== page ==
These days novels and films are filled with quirky characters. What exactly is quirky, & what words come close to meaning the same thing?
The word quirky was born in 1806, when it meant shifty. It came from the 1500s word quirk, which meant evasion. It wasn’t until 1960 that quirky meant idiosyncratic.
Coined by Hunter S. Thompson, the word gonzo came to English in 1971, meaningweird, bizarre, idiosyncratic. Though we’re not 100% certain, & Thompson’s gonzo leanings have kept him tight-lipped on the matter, gonzo may have been inspired by an Italian word meaning rude & sottish, or a Germanic word for goose.
In the 1400s, nutty meant nut-like. By the 1820s, it meant in love, & by 1898 it came to mean unbalanced or idiosyncratic.
Someone who is aberrant is wandering from the usual course. We’ve had this word since 1798. Its initial usage applied generally to the animal and plant kingdoms.
Since 1938 we’ve had the word off-beat (or offbeat). It was born in the world of music, & was almost immediately applied to idiosyncratic humans.
The Old English word utlendisc referred to the customs or people of a foreign country. In time, xenophobia & discomfort with “other” took their toll on this word’s meaning. The word it has become, outlandish, now means odd or bizarre.
In 1866 the word screwball referred to an unexpected sort of pitch in the game of cricket. By 1928, baseball welcomed screwball into its lexical arms to refer to an erratic pitch. By 1938, Carol Lombard’s comedy got labeled screwball comedy, & ever since, the word screwball can be used to identify a person who is unbalanced or idiosyncratic.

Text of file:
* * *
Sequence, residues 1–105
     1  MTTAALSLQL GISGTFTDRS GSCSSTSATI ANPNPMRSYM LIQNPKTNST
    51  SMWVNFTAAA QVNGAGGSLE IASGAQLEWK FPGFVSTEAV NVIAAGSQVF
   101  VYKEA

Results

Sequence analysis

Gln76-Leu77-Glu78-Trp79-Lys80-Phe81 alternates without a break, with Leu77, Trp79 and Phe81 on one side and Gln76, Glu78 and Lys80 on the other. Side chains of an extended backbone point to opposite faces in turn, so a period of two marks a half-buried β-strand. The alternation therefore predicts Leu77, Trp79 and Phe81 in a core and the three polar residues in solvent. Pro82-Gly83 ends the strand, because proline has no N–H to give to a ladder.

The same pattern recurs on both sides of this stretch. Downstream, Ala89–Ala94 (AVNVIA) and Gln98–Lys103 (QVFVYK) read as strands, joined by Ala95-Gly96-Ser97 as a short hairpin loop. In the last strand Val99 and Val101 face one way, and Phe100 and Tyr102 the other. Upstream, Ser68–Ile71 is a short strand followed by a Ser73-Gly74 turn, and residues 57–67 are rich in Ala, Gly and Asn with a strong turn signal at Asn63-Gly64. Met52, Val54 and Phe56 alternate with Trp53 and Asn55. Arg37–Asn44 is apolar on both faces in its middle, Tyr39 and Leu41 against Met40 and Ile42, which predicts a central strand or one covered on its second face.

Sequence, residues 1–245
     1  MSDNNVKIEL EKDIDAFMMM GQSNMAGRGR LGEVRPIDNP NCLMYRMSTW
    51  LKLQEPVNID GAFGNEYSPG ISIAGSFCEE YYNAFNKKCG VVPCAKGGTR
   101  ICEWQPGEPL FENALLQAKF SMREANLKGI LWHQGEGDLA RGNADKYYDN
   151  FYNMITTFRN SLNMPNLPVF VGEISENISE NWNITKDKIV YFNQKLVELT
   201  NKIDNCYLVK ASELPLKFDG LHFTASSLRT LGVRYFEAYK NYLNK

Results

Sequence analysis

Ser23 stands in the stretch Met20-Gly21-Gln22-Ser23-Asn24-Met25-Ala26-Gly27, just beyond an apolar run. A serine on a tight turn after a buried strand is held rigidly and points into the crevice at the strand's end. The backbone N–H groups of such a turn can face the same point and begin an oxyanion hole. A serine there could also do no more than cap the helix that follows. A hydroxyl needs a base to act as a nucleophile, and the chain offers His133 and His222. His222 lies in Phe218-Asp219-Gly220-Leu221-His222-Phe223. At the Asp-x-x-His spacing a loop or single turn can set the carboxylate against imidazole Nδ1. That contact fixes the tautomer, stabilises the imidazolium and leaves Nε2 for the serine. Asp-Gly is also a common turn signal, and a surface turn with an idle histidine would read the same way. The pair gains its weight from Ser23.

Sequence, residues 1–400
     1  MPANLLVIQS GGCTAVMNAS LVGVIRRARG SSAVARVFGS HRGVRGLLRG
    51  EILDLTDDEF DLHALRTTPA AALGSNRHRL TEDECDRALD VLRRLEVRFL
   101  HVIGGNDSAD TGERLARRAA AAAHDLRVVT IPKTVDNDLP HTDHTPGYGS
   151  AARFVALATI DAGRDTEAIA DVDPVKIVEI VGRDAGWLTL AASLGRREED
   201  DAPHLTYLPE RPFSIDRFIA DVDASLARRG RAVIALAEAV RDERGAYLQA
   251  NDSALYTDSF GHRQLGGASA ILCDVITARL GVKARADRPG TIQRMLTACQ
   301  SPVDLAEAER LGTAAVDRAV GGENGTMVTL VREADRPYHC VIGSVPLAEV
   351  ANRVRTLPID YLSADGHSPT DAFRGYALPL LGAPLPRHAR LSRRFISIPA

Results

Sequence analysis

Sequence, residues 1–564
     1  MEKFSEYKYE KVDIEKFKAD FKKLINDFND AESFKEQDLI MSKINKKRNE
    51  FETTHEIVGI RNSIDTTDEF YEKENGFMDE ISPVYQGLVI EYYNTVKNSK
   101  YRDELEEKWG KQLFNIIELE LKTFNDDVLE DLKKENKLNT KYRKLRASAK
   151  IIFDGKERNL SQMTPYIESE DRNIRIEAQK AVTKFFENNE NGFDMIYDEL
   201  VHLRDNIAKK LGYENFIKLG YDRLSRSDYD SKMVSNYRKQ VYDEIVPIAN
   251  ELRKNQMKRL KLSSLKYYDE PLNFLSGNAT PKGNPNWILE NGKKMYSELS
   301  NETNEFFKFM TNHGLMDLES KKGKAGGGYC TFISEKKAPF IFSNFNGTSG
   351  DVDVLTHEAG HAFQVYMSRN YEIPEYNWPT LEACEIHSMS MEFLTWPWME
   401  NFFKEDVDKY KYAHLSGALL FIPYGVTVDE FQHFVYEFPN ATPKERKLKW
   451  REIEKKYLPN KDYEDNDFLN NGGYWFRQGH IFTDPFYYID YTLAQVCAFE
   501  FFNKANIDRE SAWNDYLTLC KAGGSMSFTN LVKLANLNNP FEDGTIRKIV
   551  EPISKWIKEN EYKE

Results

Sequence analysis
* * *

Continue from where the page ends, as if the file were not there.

In the comments section, I’m hoping you’ll nominate a character from fiction or the silver screen who might be defined with one of the above words.
My thanks go out to this week’s sources: the Merriam Webster, OED, Collins Dictionary, Oxford Dictionary, & Etymonline.
There are conversations occurring these days regarding the appropriateness of using words like crazy in reference to our fellow human beings, however, with the pandemic & isolation & politics & all that's going on, it seems the world itself is a bit crazy. So here’s a look at a small percentage of the many words and idioms referring to craziness.
The word loop came from a Celtic word meaning bend. Its related adjective, loopy, entered the language in 1825. Loopy's literal meaning was full of loops & its figurative meaning was cunning & deceitful. In 1923 loopy picked up a second figurative meaning, crazy.
The Old English word hnutu, meaning hard seed, gave us the word nut. Its adjective form, nutty meant nut-like back in the 1400s, but by the 1800s nutty began meaning crazy. This started at a time when nut was a synonym for head. We still see that meaning in the idiom off one’s nut, which brings us back to ways of saying crazy.
Wacky, or whacky, was born in 1935 of the idea that anyone who’d been whacked in the head might get a little, well, loopy. Also from the notion of being whacked in the head, the word bonkers, meaning crazy, showed up in 1957. It seems to have sprung forth from its 1948 definition, a bit drunk.
One could say the history of the word unhinged is a bit unhinged. The earliest use of the term came from 1612 & oddly, was the figurative meaning, a disordered mind. It wasn’t until 1616 that someone wrote down unhinge in its literal sense, to remove a door from its hinges. Odder still, it took until 1758 for someone to write down the verb hinge.
Any thoughts on all this craziness? If so, please express yourself in the comments section. Also, feel free to suggest your favorite colorful synonyms for crazy. There are a bunch I haven’t yet covered.
Big thanks to this week’s sources: Etymonline, Wordnik, Merriam-Webster, & the OED.
I write for teens, narrate audio books, bake bread, play music, and ponder the wonder of words in a foggy little town on California's central coast.
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